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No controversial papers on ancient India mythology in 2016 science congress


Mysuru: The Indian Science Congress Association (ISCA) decided to stick to the basic or applied science, keeping out mythology from their annual jamboree this time.

“Only pure science is our real business this time. Last year, we had certain issues when mythology overshadowed science. We are away from it and concentrating on only science,” said Indian Science Congress Association (ISCA) general secretary Arun Kumar.

The 102nd session in Mumbai last year was marred by controversies as two scientists on January 4, 2015, jointly presented a paper, claiming that aircraft was invented in India during the Vedic age, dating back to 1500-500 BC.

“We are totally avoiding those (mythology) type of things though they were allowed last time, maybe, due to some pressure from ministers and maybe from our own fraternity who wanted a session in the plenary on mythology,” Kumar recalled.

Two noted speakers – Anand Bodas from Kerala and Ameya Jadhav from Mumbai – demonstrated that aviation in the Vedic age was more advanced than in the modern versions through a paper on “Ancient Sciences through Sanskrit”.

In the absence of records or archives and lack of supporting evidence, the duo asserted that the ancient aircraft were huge and could even fly to other planets.

Bodas, a principal at a pilot training school in Kerala, and Jadhav, a lecturer at the Swami Vivekananda International School and Junior College in Mumbai, lamented that owing to the passage of time spanning hundreds of years, foreign rulers who looted the country and stole artefacts had denied the benefit of doubt for its believers.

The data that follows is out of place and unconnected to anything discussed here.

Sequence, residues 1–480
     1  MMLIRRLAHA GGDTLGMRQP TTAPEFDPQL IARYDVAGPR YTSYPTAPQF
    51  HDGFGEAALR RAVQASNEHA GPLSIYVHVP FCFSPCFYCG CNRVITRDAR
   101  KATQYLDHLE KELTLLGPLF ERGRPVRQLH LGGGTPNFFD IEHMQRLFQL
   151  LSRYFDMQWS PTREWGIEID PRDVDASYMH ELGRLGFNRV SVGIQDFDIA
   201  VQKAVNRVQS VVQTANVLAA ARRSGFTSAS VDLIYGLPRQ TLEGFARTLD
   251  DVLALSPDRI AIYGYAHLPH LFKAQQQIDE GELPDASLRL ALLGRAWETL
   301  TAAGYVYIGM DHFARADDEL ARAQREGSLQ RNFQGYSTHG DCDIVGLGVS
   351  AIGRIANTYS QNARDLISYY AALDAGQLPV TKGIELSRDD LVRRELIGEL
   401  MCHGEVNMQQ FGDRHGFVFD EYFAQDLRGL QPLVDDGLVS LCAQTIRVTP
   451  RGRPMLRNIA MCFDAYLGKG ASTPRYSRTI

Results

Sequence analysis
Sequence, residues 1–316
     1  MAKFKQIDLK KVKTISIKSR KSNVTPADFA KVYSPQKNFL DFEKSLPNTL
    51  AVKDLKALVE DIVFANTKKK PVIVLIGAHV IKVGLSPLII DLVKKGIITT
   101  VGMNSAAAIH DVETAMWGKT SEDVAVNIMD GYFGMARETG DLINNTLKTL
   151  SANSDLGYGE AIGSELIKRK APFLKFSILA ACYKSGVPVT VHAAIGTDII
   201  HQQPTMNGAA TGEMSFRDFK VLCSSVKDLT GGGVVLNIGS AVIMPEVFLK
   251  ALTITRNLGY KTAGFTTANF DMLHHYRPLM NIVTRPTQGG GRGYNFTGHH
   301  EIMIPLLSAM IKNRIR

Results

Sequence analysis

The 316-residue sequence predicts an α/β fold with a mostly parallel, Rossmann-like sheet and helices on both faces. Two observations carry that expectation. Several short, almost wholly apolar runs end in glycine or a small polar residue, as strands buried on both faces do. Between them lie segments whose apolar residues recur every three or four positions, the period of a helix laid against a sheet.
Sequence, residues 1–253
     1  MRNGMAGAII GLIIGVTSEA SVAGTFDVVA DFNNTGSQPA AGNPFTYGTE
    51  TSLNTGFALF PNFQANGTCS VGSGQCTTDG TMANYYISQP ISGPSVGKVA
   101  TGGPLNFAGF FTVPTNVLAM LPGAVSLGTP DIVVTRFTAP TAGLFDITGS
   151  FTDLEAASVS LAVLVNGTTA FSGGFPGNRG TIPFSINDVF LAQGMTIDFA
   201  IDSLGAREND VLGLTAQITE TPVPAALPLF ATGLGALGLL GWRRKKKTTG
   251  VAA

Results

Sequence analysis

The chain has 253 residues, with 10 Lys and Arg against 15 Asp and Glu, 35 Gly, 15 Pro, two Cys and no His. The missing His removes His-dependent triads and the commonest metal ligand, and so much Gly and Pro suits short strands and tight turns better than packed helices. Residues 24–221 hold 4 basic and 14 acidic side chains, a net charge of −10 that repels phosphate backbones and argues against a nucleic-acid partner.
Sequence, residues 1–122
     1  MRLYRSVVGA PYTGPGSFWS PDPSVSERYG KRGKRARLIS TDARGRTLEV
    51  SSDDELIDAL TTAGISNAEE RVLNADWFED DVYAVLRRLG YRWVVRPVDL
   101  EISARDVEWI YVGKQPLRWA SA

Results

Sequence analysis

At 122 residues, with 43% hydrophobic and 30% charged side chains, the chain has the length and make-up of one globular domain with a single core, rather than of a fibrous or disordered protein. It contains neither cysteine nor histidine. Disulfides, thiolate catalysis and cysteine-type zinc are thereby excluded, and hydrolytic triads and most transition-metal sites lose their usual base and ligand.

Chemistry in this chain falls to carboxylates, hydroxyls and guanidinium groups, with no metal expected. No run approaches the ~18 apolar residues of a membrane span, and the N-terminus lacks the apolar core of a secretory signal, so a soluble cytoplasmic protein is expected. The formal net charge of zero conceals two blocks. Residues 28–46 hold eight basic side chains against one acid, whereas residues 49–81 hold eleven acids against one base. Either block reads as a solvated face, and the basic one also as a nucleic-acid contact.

“As per the theme, chosen carefully this time with the consent of all stakeholders, including the science and technology ministry and the Prime Minister’s Office, we are focusing primarily on Make in India, Clean India and Digital India campaigns…” Kumar said.

As last year’s event took place seven months after the Bharatiya Janata Party-led NDA government took office and amid concerns over attempts to revive mythology at a mega science meet, the Kolkata-based association had not given a chance to its members to present any paper that is objectionable and stirs up a controversy.

“It is not just a show, as right from Nobel laureates to a young scientist (they) have certain tasks to share their achievements and experiences with everyone,” said Kumar, who heads the Earth sciences department in the Manipur University.

He said the theme of the present session “on indigenous development” was selected keeping in view the government’s priorities.

The association’s various bodies comprising advisories, councils and executive committees have also resolved to stick to core issues pertaining to core sciences.

“Nothing controversial or objectionable will come out this time. Efforts are on to ensure the event is relevant and have solutions that will benefit all,” Kumar added. (IANS, Fakir Balaji), (image

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103rd Indian Science Congress: curtains came down on high note

103rd Indian Science Congress

Mysuru: Around 12,500 delegates participated in various events of the 103rd Indian Science Congress. The events included plenary sessions, public lectures and a mega-expo on a fascinating subject from school to university level. However, after a five-day session, the event concluded on a high note on Thursday.